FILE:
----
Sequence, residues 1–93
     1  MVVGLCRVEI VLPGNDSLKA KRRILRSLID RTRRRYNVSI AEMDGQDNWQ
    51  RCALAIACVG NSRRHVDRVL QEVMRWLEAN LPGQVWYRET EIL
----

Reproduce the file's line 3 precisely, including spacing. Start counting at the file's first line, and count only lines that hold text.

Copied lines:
    51  RCALAIACVG NSRRHVDRVL QEVMRWLEAN LPGQVWYRET EIL